Democracy, Saul argues, is threatened by the strictly "rational" view that it should be efficient. What it should be, he contends, is a mattress (or padded walls, depending on your perspective) for the market to operate within, providing stability and insulation from its extremes. It may not be efficient, but it is effective. "Government can deliver effectively, but the process of democracy is supposed to be slow, inefficient, repetitive, overlapping, expensive, time-wasting. That's what it is supposed to be, that's what democracy is. Dictatorships are efficient." Mussolini made the trains run on time, but democracies laid the tracks.
So Saul advocates a slow, meandering approach to decision making. Take the debate on genetic engineering, he says. “\"The uninformed public wish to have an open, relaxed, unclear conversation about the pros and cons, listen to what people think and gradually, bit by bit, make up their minds. Not because they understand it, but because they've heard a debate, and they've found their place in the debate...I'd like to slow down, because I think I have a right to a long, slow, open public debate. It may turn out to be the best thing since sliced bread. But since we haven't had the chance to talk about it, who knows?"
The lack of such open, public talk is due to what Saul calls the "employment contract" - "the single largest limit today on freedom of speech."
"When people come out of universities and get jobs, particularly if they're in any kind of managerial, scientific, [or] specialist areas ... they end up working for governments, corporations and universities. And really what the employment contract says is that in return for paying you a salary, we get total ownership of your knowledge, your understanding in your area of specialisation.
"In other words, they're basically getting from you ownership over the area where you have the most to contribute as a citizen. It becomes virtually impossible in our societies to have sensible conversations about complicated issues because the people who have some interesting things to say can only feed the information through interest groups."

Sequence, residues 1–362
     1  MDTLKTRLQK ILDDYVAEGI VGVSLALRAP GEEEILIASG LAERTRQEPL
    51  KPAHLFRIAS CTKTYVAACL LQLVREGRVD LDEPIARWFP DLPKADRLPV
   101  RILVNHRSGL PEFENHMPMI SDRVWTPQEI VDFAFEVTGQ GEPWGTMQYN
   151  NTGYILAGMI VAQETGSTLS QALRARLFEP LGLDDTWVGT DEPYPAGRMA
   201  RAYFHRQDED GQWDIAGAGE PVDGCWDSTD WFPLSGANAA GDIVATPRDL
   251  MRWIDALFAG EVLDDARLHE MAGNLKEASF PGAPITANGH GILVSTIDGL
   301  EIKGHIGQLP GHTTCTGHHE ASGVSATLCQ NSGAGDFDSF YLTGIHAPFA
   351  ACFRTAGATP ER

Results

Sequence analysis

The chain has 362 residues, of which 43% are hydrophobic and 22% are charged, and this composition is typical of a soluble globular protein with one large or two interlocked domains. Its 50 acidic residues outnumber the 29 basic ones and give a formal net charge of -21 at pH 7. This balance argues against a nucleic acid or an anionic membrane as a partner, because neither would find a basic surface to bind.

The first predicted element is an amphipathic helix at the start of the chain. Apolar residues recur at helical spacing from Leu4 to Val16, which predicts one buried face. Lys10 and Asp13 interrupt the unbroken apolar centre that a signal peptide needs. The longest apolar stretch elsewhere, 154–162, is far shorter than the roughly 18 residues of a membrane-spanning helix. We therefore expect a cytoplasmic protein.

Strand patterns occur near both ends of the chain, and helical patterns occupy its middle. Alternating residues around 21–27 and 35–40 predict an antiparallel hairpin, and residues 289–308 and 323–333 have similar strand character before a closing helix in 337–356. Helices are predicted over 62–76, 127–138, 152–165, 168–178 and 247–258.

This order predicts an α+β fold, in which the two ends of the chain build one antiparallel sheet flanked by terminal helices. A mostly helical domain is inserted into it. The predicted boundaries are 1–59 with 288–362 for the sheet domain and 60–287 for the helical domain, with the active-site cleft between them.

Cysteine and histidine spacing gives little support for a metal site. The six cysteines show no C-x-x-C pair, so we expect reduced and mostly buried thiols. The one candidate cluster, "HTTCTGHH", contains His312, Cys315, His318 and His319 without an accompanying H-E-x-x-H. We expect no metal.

Debate deteriorates into "opaque salvos" from competing corporate groups, in the form of self-interested press statement, supported by a work-force of experts removed from the public sphere. This is doubly ironic, as Saul points out, when these specialists have been educated in the public system for the public good.
I point out to Saul that the lack of nuclear physicians in New Zealand hasn't stopped it from forming clear views on the implications of nuclear power and technology. "There's a feeling outside of New Zealand of, 'how dare they make an uninformed decision. Are they experts? We are experts!' It is this feeling of ownership that corporations or governments own understanding of nuclear fission and no democratic society is allowed to make up their mind about it. ...[Thus] the ability to have a really open and relaxed conversation about nuclear fission is very, very difficult, so we've never been able to have one."
A waiter delivers drinks to the table. Bottled water. Bottled French water. Foreshadowing, synchronicity, or mere coincidence?
"You see now there you are. No." Saul says firmly.
The waiter is taken aback. "No?"
"Just some water," Saul insists.
"Some plain tap water?"
"This is my joke, you see. Here you are in a country filled with clean water tables, clean water literally spurring down mountainsides, unpolluted and nuclear free. Nuclear free," he says with emphasis. "And here," pointing to the plastic French bottle, "is water from the most nuclear dependent country on earth."
* ON EQUILIBRIUM, by John Ralston Saul (Penguin $24.95)
Published June 22, 2002, New Zealand Listener.